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Where have my garden birds gone? And what's happened to their feathers?

Thursday, 20th August 2015

Not seeing any birds? Discover here the scrumptious foods we suggest to see new faces on your bird feeders.
You may have noticed lately that many of your garden birds are decidedly not looking their best, or some of them have disappeared altogether, or perhaps they are slipping in to feed only occasionally or briefly. Don’t worry; they’ll be back, and looking much sprucer. The fact is this is the moulting season.

Every now and then birds need to change their feathers. Old ones fall out and new ones grow. Naturally though, it doesn’t happen all at once. A totally ‘plucked’ Blue Tit would not only be too embarrassed to show itself, it would also be utterly vulnerable to bad weather and predators. Worst of all, of course, it would not be able to fly. In fact, the process and timing of moult varies amongst various families of birds. Wildfowl are the only ones that can become utterly earth (or water) bound. Which is why moulting ducks tend to gather on isolated islands or mudflats out of harms way until they grow new wings, as it were. 

At this time of year - as far as bird diets are concerned - our focus should be on providing protein rich foods and valuable seed mixtures as they are the reviver following the strains of breeding and moulting - seed mixtures like Huskfree Advance with Dried Mealworms, High Energy Extra Mix, Native Finch and of course the super Sunflower Heart.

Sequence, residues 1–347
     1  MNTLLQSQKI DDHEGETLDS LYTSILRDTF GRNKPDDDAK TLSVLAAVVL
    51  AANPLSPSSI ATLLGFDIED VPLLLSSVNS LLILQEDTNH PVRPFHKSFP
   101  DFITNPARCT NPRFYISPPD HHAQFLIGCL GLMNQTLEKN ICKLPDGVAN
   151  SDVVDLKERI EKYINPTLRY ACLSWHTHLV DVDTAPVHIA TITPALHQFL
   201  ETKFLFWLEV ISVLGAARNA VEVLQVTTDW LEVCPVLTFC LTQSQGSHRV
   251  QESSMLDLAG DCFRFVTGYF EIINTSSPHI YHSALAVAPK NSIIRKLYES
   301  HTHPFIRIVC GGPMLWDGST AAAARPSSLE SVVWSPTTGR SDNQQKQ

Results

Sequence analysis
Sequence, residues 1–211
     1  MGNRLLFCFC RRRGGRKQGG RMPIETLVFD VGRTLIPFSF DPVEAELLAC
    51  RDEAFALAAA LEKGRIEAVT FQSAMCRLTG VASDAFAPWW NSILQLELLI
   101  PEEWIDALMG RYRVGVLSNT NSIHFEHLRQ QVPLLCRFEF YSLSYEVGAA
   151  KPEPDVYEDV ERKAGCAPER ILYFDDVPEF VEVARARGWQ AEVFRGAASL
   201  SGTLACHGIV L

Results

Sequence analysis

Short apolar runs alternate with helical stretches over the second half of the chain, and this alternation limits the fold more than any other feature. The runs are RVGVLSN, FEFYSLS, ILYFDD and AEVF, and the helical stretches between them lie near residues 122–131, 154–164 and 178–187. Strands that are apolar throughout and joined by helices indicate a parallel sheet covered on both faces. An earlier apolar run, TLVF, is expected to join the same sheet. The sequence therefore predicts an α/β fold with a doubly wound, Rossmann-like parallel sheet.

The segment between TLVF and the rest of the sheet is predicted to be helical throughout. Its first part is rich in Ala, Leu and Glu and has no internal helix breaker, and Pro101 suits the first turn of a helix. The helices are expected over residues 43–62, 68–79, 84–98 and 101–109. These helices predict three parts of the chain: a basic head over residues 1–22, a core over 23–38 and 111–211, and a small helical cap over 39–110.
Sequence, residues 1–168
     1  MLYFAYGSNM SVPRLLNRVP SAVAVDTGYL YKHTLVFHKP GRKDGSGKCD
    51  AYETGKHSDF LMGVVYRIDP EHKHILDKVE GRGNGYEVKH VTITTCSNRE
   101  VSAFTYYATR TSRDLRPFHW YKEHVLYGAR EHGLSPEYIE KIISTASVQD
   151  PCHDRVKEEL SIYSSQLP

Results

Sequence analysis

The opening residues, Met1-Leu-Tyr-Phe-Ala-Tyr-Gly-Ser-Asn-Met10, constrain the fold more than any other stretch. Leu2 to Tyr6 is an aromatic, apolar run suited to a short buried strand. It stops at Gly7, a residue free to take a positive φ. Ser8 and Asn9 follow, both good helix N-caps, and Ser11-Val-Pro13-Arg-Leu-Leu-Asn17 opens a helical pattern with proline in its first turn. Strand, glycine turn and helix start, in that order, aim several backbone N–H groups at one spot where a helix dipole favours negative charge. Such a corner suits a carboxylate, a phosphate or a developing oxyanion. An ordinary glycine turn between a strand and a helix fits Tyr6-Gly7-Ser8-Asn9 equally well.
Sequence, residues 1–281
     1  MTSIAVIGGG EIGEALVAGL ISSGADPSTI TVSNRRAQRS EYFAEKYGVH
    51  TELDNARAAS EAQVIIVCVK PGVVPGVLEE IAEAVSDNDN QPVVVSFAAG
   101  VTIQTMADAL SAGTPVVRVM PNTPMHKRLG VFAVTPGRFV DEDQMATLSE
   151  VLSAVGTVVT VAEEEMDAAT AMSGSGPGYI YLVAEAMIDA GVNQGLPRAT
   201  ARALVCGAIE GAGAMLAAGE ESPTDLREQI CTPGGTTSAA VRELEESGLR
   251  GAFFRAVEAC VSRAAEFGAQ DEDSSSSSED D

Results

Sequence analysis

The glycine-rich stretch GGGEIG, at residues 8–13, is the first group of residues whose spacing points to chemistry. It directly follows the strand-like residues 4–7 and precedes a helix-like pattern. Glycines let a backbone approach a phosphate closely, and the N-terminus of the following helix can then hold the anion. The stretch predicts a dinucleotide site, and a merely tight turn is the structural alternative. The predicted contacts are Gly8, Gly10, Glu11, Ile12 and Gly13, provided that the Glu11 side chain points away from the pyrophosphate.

At this time of the year nearly all ‘garden birds’ are likely to be moulting. The adults need it most. You’ve probably noticed how tatty some of them have got after a hard season bringing up hungry youngsters. Those new fledglings themselves are also due for a change of feathers; even though it was only a few weeks ago that they were looking particularly smart [like the juvenile Starling above], when young Blue and Great Tits were instantly recognisable by their fresh, neat – albeit not quite so colourful - plumages.

 

The moulting process is extremely orderly and efficient. It has to be. The all important ‘flight feathers’ on wings drop out one by one, in sequence, as it were, and new ones grow rapidly, instantly ‘filling in gaps’ so that the bird is only very briefly put at risk by being unable to fly as efficiently as normal. Once the wings are back in full working order the ‘body moult’ takes place. Look closely and you may recognise adults with scruffy heads and bodies but with neat bright wings. The youngsters don’t need to change their new strong wing feathers yet, but they do have a body moult. To use the ornithological jargon, the birds change from ‘juvenile’ into ‘immature’ or ‘first winter’ plumage. Once the moult is completed both adults and their offspring will go through the winter in their new plumages, which are likely to get more and more worn as the months go by until they moult again in spring into their best breeding outfits (although the rules do vary from species to species and in some birds the usual dull winter feathers wear away to reveal brighter colours ‘underneath’ – in fact, the lower part of the feathers). All a bit boggling? Well, yes, but…….

Moult is a complex but very necessary business. Whilst it’s going on the birds - not surprisingly – tend to keep a low profile. They need patience, and so do you! Nevertheless, as I said, they’ll be back, looking and feeling better and fitter than ever. Which is good news for all of us!

(Come to think of it I could do with a bit of a moult myself!)




Bill Oddie

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